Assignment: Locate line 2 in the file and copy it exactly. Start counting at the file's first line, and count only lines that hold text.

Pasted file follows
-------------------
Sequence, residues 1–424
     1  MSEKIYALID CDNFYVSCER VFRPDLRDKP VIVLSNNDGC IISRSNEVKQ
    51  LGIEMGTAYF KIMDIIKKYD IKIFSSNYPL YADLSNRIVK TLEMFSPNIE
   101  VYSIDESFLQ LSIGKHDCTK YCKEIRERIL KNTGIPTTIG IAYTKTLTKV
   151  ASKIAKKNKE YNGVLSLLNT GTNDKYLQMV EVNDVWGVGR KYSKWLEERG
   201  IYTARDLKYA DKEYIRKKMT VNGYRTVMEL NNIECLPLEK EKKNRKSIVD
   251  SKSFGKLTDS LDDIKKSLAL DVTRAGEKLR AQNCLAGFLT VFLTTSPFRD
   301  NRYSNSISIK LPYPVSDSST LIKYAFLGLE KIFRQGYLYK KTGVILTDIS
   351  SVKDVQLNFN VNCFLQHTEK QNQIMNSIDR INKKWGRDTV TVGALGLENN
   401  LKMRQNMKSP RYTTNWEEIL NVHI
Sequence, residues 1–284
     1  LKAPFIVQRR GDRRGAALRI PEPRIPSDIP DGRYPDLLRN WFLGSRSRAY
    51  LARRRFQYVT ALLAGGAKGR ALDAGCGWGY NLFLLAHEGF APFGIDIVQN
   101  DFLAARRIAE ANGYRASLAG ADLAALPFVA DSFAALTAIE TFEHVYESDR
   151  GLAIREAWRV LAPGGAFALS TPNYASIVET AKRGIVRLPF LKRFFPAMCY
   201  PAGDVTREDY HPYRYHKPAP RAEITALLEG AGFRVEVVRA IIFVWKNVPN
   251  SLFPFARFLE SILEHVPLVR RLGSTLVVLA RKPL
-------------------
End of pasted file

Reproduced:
     1  MSEKIYALID CDNFYVSCER VFRPDLRDKP VIVLSNNDGC IISRSNEVKQ